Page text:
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DIY Estate Planning Mistake #13: Gifting the House to a Child Outright

Posted by Nina Whitehurst | Dec 02, 2019 | 0 Comments

This is a sad but all-too-common story.

Mom and Dad had two daughters.  Let's call them Good Daughter and Bad Daughter.  Good Daughter lived a great distance away from Mom and Dad.  Bad Daughter lived nearby.  Bad Daughter had a bad drug habit and, therefore, financial issues.  Bad Daughter was always scheming to get money from Mom and Dad.  She had already weaseled them out of over $100,000 cash.  Bad Daughter read on internet about how the house might need to be sold to reimburse the state for nursing home expenses after her parents passed, so she convinced Mom and Dad to gift the home to her, which they did. 

Bad Daughter lost her own home to foreclosure and moved in with Mom and Dad, telling the rest of the family she had moved in to "care" for Mom and Dad.  (The "care" that she provided was that she literally stole food from her parents.) 

Bad Daughter then decided she needed even more money and threatened Mom and Dad with eviction lest they start paying her rent.  Mom and Dad, seeing no way out (and not seeking the advice of an attorney), started paying Bad Daughter rent.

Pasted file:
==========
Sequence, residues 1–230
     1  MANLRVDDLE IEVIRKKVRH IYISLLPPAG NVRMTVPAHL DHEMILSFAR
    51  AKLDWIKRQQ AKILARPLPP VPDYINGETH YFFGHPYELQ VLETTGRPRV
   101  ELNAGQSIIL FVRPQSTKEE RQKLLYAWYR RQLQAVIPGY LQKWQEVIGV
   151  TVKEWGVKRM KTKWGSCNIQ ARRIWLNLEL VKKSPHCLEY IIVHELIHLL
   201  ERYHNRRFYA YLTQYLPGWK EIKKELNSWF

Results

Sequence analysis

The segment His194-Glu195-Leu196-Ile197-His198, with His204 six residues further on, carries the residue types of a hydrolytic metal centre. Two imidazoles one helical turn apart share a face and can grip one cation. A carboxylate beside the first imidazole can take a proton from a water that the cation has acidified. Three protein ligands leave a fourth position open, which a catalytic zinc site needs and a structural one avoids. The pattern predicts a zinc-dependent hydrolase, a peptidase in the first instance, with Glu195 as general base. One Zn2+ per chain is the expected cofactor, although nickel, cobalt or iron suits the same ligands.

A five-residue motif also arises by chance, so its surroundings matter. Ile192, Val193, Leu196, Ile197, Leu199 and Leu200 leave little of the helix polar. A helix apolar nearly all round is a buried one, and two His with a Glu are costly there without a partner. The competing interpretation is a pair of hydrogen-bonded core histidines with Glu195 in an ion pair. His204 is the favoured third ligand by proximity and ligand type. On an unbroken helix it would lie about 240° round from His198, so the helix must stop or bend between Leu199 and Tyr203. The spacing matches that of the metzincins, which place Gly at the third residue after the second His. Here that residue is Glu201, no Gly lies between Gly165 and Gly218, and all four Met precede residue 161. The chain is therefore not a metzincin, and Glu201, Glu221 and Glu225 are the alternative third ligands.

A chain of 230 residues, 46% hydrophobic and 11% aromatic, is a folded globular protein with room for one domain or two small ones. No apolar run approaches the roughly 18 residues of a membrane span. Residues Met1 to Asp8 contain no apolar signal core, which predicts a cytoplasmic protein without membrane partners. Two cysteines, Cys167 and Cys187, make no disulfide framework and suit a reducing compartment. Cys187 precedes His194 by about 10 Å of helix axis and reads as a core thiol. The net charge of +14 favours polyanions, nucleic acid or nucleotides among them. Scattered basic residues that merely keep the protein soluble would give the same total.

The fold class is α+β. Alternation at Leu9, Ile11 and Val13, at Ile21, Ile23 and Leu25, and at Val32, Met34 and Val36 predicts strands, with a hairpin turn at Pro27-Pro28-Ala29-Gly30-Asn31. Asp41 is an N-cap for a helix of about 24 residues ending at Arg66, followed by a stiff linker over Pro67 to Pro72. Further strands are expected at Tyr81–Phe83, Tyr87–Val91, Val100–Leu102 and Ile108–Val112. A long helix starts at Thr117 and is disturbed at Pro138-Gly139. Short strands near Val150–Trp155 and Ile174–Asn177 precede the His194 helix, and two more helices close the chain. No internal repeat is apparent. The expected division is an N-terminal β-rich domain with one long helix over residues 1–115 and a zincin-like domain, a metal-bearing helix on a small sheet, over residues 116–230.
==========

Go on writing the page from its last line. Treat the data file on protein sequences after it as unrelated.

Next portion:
Dad needed nursing home care two years later.  There was no way to convince Bad Daughter to gift the home back.  The gift of the very valuable home to Bad Daughter would have resulted in such a long penalty period that the best option was to private pay for the next three years to wait out the five-year lookback period.  The average cost of care in that jurisdiction was about $10,000 per month, resulting in a private pay obligation of about $360,000 ($10,000 per month times 36 months). 

Good Daughter ended up holding the bag.   One way or the other this was going to be very expensive.  She could sell or mortgage her own home to pay for Dad's care (with Mom not far behind).  She could quit her job and try to care for Mom and Dad herself, but that would be financially difficult and she literally did not have the skills needed (she was not a nurse).  She could hire an attorney to sue Bad Daughter for elder abuse and to try to get the house back.  The latter was probably the best option, because that would "only" cost about $30,000 to $60,000. (Did I mention that Bad Daughter was an attorney?  Shocking, but true.)

If you are "Good Daughter" (or "Good Son") and are worried about something like this happening to your parents, give us a call.  There are much better ways to plan ahead.

About the Author

Nina Whitehurst

Attorney at Law Nina has been practicing law for over 30 years in the areas of estate planning, real estate and business law She is currently licensed in Alaska, Arizona, California, Colorado, Oregon and Tennessee. Her Martindale-Hubbell attorney rating is the highest achievable: 5 stars in peer...

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